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Partnerships for enhanced engagement in research (PEER) SCIENCE
Cycle 2 (2012 Deadline)

Biodiversity of Cambodian leaf- and treehoppers: scientific training and education through development of bioindicators and agricultural pest control

PI: Sophany Phauk (Royal University of Phnom Penh)
U.S. Partner: Kevin Johnson (Illinois Natural History Survey)
Project Dates: August 2013 to July 2016
 

 2-395 CEI Exhibition
Visitors take part in an entomology exhibition hosted by Dr. Phauk and his deam. (Photo courtesy Dr. Phauk).

The Cambodian insect fauna is virtually unstudied, especially compared to the extensive work done on vertebrate biodiversity and management. This poses a problem because insects, comprising a much higher total biomass than vertebrates, constitute irreplaceable components of ecosystem processes and are thus vital for ecosystem health and function. This project is designed to address this shortcoming by inventorying the biodiversity of leaf- and treehoppers (Membracoidea) across space (i.e., all major habitat types and varying degrees of disturbance) and time (i.e., dry-/wet season over three consecutive years). Genetic and morphological characteristics will be used to identify species and allow further basic and applied research into membracoid biology and control. The collected samples will form the nucleus for a growing entomology collection at the National Cambodian Specimen Repository (NCSP) at the Royal University of Phnom Penh (RUPP), which will be developed into an active research collection to support the study of systematics, biodiversity, and natural history of the insect fauna of the Lower Mekong. Assessing membracoid biodiversity will lay the baseline for continued biodiversity monitoring under climate change and help inform conservation decisions by allowing rapid and efficient appraisal of ecosystem health. The study of membracoid biodiversity will also provide the framework for the identification of pest species in Cambodia and thus will provide the basis for applied entomological research of national and international importance.
Membracoids include several important agricultural pests affecting rice, mango, and citrus, so the project will be critically important for Cambodian agriculture and food security by building the basis for development of sustainable pest control practices. The use of genetic markers will allow an in-depth understanding of pest population genetics and dynamics, which are important considerations when developing and applying control and management plans. Membracoids are ideal bioindicators since they are highly host specific and more rapidly respond to habitat or climate changes than vertebrate bioindicators. Identifying and using insect bioindicators thus allows a different and potentially much more sensitive insight into rapid changes in habitat health, biodiversity, or ecosystem function. The development of cheap and rapid genetic and morphological identification tools is expected to have immediate and lasting influences on biodiversity assessment and conservation practices in the Lower Mekong by improving economic valuation of ecosystems. This will strengthen environmental governance and improve sustainable management of natural resources and biodiversity conservation in the face of environmental and global climate change.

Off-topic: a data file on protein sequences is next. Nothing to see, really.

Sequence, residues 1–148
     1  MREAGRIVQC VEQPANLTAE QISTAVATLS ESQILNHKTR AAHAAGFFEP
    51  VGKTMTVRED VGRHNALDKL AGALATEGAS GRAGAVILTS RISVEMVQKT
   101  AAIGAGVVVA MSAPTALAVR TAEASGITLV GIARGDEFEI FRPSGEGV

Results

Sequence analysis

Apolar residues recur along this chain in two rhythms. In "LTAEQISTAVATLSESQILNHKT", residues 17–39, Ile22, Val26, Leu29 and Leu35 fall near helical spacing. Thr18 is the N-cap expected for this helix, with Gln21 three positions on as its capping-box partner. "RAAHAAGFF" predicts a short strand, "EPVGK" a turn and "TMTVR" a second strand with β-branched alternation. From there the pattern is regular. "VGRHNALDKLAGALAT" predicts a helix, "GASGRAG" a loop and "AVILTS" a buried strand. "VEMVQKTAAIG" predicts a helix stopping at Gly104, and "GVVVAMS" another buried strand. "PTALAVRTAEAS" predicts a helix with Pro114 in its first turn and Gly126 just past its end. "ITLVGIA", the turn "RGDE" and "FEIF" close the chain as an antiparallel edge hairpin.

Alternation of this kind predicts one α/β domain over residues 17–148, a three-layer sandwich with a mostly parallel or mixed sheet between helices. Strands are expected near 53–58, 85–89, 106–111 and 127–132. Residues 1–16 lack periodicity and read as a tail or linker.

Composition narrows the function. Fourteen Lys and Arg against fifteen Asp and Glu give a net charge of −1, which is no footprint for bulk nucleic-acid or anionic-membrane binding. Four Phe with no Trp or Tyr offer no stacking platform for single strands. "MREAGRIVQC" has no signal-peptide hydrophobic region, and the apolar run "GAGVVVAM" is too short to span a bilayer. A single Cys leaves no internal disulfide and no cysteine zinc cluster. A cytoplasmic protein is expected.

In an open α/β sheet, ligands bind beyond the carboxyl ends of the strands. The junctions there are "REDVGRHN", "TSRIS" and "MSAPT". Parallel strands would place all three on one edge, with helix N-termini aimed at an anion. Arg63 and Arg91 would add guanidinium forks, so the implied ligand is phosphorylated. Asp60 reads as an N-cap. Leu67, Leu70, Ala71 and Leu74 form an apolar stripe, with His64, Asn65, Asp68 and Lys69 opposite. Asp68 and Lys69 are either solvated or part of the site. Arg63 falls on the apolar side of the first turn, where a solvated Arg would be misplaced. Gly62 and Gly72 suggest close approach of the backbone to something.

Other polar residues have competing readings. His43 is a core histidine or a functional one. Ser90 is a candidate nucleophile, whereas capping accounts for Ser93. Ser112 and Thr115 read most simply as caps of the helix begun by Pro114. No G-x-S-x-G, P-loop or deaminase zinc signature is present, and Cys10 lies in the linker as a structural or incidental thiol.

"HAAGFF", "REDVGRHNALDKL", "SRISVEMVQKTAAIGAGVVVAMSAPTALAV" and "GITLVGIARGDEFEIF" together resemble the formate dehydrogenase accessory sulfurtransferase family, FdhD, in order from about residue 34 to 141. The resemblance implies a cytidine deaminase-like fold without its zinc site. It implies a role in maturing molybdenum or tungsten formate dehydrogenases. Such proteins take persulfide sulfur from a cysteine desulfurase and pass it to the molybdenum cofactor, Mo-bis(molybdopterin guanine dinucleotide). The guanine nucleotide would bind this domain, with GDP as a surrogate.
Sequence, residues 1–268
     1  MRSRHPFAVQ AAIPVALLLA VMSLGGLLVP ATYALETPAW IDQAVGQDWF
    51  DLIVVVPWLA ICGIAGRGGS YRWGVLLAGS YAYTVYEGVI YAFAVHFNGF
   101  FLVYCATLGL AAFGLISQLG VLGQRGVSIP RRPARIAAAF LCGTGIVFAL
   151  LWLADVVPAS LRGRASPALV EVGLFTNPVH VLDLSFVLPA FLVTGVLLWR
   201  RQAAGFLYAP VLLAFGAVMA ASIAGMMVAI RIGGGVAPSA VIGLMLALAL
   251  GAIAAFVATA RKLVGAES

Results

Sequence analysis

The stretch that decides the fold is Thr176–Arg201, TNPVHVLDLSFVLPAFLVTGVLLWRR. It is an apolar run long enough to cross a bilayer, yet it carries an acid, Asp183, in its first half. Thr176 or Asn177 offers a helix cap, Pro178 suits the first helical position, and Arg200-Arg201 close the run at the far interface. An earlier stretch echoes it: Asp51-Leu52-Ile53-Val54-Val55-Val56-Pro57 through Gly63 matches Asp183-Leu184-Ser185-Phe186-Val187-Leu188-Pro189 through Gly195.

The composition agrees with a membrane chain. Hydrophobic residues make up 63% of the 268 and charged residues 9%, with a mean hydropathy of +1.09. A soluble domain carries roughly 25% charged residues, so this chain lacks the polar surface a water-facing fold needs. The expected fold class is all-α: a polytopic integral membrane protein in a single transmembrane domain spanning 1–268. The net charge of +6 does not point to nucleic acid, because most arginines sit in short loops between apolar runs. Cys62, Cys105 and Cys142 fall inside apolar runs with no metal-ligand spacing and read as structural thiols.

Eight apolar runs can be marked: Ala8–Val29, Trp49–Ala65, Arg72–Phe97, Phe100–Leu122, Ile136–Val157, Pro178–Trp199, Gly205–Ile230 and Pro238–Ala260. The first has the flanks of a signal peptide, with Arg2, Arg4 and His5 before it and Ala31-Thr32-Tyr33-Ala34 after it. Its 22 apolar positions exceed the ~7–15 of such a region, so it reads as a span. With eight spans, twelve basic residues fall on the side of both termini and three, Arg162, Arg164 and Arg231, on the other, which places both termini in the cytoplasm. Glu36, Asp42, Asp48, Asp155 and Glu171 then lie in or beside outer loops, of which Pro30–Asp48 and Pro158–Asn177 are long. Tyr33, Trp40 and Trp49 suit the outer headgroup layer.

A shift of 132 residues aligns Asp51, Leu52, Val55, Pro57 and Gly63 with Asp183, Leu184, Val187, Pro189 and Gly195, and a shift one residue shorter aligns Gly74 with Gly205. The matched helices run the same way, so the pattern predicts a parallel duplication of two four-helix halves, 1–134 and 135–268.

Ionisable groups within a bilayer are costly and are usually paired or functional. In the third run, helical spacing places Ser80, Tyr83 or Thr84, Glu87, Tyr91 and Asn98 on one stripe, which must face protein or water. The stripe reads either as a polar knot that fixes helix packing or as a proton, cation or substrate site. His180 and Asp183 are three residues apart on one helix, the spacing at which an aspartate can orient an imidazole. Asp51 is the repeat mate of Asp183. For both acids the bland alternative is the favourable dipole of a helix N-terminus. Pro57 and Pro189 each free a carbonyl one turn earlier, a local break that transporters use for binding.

Cambodia Partnership Picture B
A dozen undergraduates from the Royal University of Phnom Penh join the project team on a field trip to collect leaf- and tree-hopper samples at Kirirom National Park. (Photo courtesy Dr. Phauk).

Summary of Recent Activities
By the end of March 2015, this team had surveyed 68 sites across Cambodia and pinned more than 4,500 insect specimens, with additional wet specimens being preserved in alcohol for later DNA barcoding. The latter work will be carried out in cooperation with the Cambodian Molecular Genetics Group, based at the RUPP Department of Biology. In addition, Dr. Phauk and his group continued their very active program of training for undergraduate and graduate students. On January 26-28, about 150 undergraduates took part in training on entomology fieldwork techniques at Koh Takiev Island. On March 11-14, a group of project members attended the event “Science, Technology, Engineering and Math (STEM),” which was held at RUPP and organized by the Cambodian Ministry of Education Youth and Sport to promote scientific research, engage students, and interest the public in learning more about the sciences in Cambodia. The team displayed the entomology collection and promoted entomology education in Cambodia to visitors at the event, including K-12 students and interested citizens.

In April 2015, Dr. Phauk will be visiting the Royal Belgian Institution of Natural Science to discuss a new memorandum of understanding with RUPP on collaboration on entomological training and research. He and some of his team will also attend the 15th Science Council of Asia Conference and International Symposium on the Role of SCA: ”Science and Technology for Culture,” May 15-16, 2015, in Siem Reap. Meanwhile, additional fieldwork is planned to collect specimens at agricultural sites and a national park in northern Cambodia. Dr. Phauk will also be working with students at the RUPP Department of Media and Community to produce a short film aimed at promoting awareness of his Cambodian Entomology Initiatives.

Cambodian Entomology Initiatives flyer

Rice-Field Experiment flyer

Genetics Experiment flyer (Khmer)

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